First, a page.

An Update From Fossil Free Mac 2.0

An Update From Fossil Free Mac 2.0

Since the construction of the Line 3 tar sands pipeline began in December of 2020, Enbridge Energy has been clearcutting trees, desecrating the earth and harming Indigenous communities across northern Minnesota. This is a company and project that Macalester has been investing in for over five years now, despite the deep ethical and environmental harm it causes. Macalester cannot continue to fund a company responsible for so much destruction and violence. While construction of Line 3 is raging across northern Minnesota and threatening the land and water, Indigenous sovereignty and the future of our climate, a resistance movement is fighting to stop the project. Many members of the Macalester community have dedicated years of their lives, and even risked their freedoms, to resist Line 3. When we discovered that Macalester was actively invested in the company building Line 3 we knew we had to call on them to divest. In this piece, we want to share some updates with the community about the campaign we’re calling “Fossil Free Mac 2.0.”

On Feb. 15, we submitted this proposal, calling on the Macalester board of trustees to divest from Enbridge Energy in protest of the Line 3 pipeline. Since then, we’ve seen tremendous support for the proposal flourish on campus. Nearly 800 students, alumni, faculty and staff have signed a petition calling for divestment from Line 3. On Friday, March 5, over 300 Macalester community members blockaded Grand Avenue, calling on the administration to take action on the proposal. We want to thank each and every one of you who came out to stand in solidarity with the Line 3 resistance movement that day! However, despite the powerful community support for this divestment proposal and urgency of the Line 3 fight, the administration is still insisting on following their formal bureaucratic procedure.

In order to provide some context on the bureaucratic delays our first divestment proposal went through, we’d like to outline the process the Macalester administration uses to review proposals made by students to the board of trustees. First, the administration convenes a group called the “Social Responsibility Committee (SRC),” which is formed of faculty, staff, administrators and three students to review proposals to the Macalester board of trustees. After we submitted our proposal, President Rivera explained to us that, “The SRC will make a determination as to whether there is a sufficient basis for trustee consideration of the proposal. If the SRC concludes that there is a reasonable basis to proceed, it will notify me [President Rivera] of its recommendation. If, after reviewing the SRC’s report, I believe the proposal has sufficient basis for consideration, I will refer the proposal to the board.” The board would then review the proposal and vote on it. If you’d like to read the full procedural document, you can find it here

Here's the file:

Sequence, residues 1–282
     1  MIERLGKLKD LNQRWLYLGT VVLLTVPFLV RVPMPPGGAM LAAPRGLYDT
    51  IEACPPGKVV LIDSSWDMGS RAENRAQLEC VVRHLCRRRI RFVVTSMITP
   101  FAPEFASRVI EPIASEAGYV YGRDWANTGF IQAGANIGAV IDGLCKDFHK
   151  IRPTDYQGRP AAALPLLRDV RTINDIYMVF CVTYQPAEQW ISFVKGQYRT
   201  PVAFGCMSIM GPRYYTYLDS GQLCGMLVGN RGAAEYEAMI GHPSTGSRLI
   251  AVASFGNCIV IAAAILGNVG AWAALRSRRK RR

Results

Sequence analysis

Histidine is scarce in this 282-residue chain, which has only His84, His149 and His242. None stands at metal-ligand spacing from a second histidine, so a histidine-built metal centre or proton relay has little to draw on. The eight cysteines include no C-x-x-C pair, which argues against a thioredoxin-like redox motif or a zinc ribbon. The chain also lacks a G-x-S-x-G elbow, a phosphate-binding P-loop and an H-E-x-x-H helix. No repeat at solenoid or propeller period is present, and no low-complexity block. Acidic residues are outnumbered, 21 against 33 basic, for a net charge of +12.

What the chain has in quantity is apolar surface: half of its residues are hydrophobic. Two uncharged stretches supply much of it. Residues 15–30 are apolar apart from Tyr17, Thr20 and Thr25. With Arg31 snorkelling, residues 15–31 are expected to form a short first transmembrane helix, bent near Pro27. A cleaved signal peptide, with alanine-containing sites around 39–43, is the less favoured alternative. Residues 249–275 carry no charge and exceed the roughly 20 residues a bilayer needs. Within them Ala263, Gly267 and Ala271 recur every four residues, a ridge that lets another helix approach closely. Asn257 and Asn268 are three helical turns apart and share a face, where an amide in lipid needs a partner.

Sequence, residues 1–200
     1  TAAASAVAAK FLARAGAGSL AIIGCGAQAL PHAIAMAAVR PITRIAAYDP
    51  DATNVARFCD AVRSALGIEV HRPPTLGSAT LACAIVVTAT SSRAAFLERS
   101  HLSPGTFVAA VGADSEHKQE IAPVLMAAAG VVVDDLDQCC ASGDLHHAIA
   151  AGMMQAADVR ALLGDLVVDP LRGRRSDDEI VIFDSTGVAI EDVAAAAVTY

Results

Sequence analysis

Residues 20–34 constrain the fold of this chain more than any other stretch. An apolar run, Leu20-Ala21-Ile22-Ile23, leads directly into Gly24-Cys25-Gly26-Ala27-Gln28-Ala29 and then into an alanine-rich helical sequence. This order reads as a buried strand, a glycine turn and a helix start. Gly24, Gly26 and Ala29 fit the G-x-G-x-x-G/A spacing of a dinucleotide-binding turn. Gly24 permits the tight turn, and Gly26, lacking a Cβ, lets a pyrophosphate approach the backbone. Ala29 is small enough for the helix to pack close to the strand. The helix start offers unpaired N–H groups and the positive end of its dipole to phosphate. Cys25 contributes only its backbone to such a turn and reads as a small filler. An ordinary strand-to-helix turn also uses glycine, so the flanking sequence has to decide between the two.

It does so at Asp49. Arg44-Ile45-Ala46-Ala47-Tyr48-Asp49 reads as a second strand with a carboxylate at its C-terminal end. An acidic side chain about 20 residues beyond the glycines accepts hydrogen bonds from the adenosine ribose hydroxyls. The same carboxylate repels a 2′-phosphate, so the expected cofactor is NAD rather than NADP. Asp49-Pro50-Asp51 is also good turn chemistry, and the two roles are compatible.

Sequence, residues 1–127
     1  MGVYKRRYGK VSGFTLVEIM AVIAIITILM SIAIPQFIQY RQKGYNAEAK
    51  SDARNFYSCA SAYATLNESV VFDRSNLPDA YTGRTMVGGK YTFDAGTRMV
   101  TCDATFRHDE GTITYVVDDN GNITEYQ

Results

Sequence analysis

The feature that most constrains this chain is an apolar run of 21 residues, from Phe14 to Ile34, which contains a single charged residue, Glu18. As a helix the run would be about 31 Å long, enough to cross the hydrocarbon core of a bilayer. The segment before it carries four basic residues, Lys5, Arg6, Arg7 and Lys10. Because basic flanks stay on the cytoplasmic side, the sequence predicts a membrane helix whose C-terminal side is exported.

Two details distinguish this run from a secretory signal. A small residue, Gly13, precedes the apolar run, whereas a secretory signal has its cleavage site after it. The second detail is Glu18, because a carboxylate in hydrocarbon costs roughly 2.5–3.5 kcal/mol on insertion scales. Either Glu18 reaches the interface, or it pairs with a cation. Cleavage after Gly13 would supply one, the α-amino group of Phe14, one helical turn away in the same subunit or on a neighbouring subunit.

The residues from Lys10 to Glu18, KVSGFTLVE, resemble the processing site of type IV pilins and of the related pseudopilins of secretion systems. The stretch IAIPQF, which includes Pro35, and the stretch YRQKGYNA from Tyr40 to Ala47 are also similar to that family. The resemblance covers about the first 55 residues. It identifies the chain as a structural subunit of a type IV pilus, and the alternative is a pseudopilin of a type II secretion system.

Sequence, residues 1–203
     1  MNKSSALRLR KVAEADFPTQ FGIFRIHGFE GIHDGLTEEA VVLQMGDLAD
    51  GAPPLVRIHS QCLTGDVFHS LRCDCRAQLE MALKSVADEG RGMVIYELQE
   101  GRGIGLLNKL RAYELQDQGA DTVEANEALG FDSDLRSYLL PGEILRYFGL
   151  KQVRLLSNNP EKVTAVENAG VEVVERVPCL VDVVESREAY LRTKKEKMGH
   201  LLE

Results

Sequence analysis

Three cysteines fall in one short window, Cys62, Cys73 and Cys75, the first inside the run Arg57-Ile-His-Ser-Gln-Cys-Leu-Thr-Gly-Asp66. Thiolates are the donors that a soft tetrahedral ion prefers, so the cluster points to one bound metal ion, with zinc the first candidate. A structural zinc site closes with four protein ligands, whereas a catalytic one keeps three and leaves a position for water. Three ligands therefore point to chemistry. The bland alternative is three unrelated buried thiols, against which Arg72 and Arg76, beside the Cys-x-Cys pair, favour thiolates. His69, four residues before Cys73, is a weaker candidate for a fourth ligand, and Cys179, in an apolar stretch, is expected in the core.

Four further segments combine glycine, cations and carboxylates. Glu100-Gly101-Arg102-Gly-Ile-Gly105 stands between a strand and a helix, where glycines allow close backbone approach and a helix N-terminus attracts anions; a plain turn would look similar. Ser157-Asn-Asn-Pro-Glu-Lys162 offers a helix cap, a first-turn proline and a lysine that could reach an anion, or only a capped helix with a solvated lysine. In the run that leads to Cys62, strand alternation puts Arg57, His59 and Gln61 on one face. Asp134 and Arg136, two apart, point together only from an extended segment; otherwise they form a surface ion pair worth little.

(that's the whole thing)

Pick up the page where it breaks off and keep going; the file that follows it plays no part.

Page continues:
To reiterate: when students submit a proposal, it is first reviewed by the SRC, then the President, and if both agree that there is “a sufficient basis for trustee consideration,” it then goes to the board. We firmly believe that the vast and growing community support and urgency of the issue are a sufficient basis for the board to expedite the process and immediately review the proposal. Unfortunately, without those bureaucratic stamps of approval, the board will not seriously entertain student activism. The last time the SRC reviewed a divestment proposal, they took four months before sending it to the board of trustees, and it wasn’t until more than a year later that the board held a vote on the matter. Macalester is funding construction that is happening right now and has already caused significant harm to Indigenous communities and the northern Minnesota landscape. It is imperative that the board act with appropriate haste and divest Macalester from Line 3.